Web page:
NOTE: Hey guys, I am leaving this morning on a sort of not-very-planned trip for about three days - I probably won't be checking in on the computer for most of that time, but one never knows. I'll be anxious to read everybody's comments when I return!

17 comments:

Nanook said...

Ken-

And for all the interesting features you pointed out on the guidebook, it was not well-liked by management, as guests' couldn't place these guidebooks in their pockets, due to the unconventional shape of the book. I still have my guidebooks stored-away somewhere.

Thanks, Ken for sharing more goodies from WDW.

Scott Lane said...

Very nice! Yes the scope of the early EPCOT was staggering. I agree that the closures and changes have diminished the park, not enhanced it.

Rachel said...
This comment has been removed by the author.
Nancy said...

EPCOT CENTER.....it has always been my favorite Disney park and my favorite place in the world (literally)....so much so that my daughter got me a bracelet with the global coordinates on it for my birthday! If I had just one day to visit Walt Disney World, this would be the place.

Very lucky to have visited several times from 1994 to 2014, nearly every year. To see where it has gone from what it used to be is a sad story for me.

I loved the simplicity of Horizons, for instance, yet it told such a great story and it promised how much fun the future would be. I was always sorry that technology didn't go in that direction and we don't have hovercrafts to scoot around in from floating city to floating city. Instead we can carry a phone everywhere we go. Big deal.

I feel so lucky to have memories of the way EPCOT CENTER was meant to be when Mr. Disney came up with this concept.

Thanks, Ken, for sharing these with us!

Pegleg Pete said...

My first visit to EPCOT also took place in March 1983. I had already read the large Abrams book about the planning and construction of the park and so my expectations were quite high; fortunately I wasn't at all disappointed. I pocketed several of those guides at the time and still have them. And while I liked the dial design, I've always thought, as Nanook has pointed out above, that the shape was rather too awkward for use while in the park. The last time I visited the park was back in autumn 2003 and I certainly wasn't impressed with what it had become - although I was at least there for the soft opening of Mission: Space. Thanks for sharing, Ken – and thanks, Major, for posting.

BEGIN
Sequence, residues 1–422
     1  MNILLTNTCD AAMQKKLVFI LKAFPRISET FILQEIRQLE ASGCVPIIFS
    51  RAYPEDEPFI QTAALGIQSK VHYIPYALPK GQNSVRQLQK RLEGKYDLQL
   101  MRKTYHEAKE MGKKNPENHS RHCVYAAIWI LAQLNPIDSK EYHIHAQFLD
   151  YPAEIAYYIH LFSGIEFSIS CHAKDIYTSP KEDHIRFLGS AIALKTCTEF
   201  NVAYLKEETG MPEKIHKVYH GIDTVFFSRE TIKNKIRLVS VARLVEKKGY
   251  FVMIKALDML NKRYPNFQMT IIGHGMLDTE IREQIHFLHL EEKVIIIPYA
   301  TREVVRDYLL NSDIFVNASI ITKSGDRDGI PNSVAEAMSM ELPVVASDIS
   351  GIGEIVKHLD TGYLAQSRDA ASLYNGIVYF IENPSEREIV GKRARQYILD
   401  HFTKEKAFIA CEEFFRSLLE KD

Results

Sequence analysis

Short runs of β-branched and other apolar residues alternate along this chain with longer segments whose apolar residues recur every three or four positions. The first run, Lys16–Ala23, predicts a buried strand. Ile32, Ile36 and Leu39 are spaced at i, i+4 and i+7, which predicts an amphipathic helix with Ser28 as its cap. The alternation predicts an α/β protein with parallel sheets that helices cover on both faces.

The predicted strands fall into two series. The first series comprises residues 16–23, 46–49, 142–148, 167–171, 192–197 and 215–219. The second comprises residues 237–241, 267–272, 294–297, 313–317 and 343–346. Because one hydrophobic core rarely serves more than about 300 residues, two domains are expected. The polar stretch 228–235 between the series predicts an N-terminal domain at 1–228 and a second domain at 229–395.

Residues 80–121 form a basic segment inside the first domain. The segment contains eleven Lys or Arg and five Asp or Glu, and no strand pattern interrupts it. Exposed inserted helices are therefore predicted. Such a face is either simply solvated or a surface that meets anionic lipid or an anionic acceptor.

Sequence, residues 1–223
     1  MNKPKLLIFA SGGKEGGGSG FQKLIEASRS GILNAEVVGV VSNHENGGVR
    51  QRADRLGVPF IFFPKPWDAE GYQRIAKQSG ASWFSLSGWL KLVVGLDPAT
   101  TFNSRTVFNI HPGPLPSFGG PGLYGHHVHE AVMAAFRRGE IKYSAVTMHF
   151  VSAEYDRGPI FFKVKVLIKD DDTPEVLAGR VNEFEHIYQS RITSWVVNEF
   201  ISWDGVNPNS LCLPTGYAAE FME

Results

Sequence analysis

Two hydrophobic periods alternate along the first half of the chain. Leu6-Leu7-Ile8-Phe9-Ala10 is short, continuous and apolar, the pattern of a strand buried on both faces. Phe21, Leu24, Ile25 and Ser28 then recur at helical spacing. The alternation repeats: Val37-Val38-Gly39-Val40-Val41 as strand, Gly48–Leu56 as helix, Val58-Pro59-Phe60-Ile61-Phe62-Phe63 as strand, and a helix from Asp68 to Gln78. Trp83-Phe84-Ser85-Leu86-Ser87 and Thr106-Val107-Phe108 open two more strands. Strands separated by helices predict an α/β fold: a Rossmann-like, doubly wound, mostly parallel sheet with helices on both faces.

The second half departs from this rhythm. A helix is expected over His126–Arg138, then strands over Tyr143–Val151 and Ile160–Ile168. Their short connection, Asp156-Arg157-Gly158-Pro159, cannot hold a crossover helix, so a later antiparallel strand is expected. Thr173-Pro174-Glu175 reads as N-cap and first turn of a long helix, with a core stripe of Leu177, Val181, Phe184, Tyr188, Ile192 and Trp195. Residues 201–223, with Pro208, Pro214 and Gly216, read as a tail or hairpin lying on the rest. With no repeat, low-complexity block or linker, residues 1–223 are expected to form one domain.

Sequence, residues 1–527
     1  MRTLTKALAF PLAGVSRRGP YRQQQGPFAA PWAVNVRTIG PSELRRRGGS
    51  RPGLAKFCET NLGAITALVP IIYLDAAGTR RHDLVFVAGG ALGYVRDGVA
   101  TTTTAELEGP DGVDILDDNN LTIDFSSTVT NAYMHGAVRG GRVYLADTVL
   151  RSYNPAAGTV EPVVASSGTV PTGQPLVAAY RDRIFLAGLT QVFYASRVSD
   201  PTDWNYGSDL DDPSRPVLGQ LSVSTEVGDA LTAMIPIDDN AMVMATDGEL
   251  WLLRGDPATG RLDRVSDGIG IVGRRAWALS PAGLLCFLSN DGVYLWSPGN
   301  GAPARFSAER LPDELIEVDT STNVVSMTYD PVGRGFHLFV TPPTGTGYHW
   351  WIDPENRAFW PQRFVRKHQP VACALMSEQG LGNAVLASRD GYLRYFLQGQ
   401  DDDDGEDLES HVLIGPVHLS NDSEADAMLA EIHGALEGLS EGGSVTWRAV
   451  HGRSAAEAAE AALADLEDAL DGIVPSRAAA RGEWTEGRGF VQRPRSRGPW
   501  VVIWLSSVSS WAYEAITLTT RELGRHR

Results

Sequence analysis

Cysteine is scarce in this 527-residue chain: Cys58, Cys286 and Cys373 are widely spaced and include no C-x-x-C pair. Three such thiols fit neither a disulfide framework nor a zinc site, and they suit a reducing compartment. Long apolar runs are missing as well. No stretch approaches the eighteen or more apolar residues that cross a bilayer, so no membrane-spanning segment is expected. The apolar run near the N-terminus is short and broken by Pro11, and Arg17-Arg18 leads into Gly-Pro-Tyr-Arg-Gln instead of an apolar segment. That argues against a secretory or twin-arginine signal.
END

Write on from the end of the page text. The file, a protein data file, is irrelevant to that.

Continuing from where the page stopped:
Stuart Powley said...

It's amazing how Disney in general, and the Florida division in particular has lost all vision. There are no more grand ideals, only money grabs linked to the IP of the week. I've been to Epcot many times over the years, and I can assure you that the original park makes the current version look very sad. The closure of Horizons and World in Motion marked the beginning of the end. Could it be saved? Maybe, but with the rumors of Guardians of the Galaxy going into Future World (and, more horrifying, people actually cheering them) it doesn't seem likely.

Anonymous said...

Epic 70's graphics.

This is amazing.

Thanks Ken and Major.

JG

K. Martinez said...

Nanook, I didn't occur to be there would be an issue with the cardboard guides, but you're right. They would be awkward. I didn't use mine, but packed it safely away as a souvenir to be kept mint. I knew all of what was what at EPCOT Center before I went because I studied on it, so I didn't need to mess with my dial guide. Little did I know at that time that in the future I'd be sharing images of it with readers of a certain blog.

Scott Lane, From what I've seen and read online, EPCOT doesn't seem nearly as special as it used to be.

Nancy, I know this is your favorite Disney park so I'm glad you chimed in. One thing for sure is there is no other park like it. The bracelet your daughter gave you sounds very cool. That's also quite a bit of experience you have going to Epcot. I only got to see it in it's early days, but I'm glad I did. When I learned they got rid of "Horizons" I was heartbroken. How could they close something so special like that?

Pegleg Pete, You and me both. I purchased the Abrams book before going to EPCOT Center and read it cover to cover so I would be ready when I got there in March 1983. It's been so long since I've been that now it seems like I almost never went. Now it's just bits and pieces that I remember. I didn't think of pocketing several guides. I only got the one I'm sharing here. Strange since I used to pocket lots of guides at Disneyland.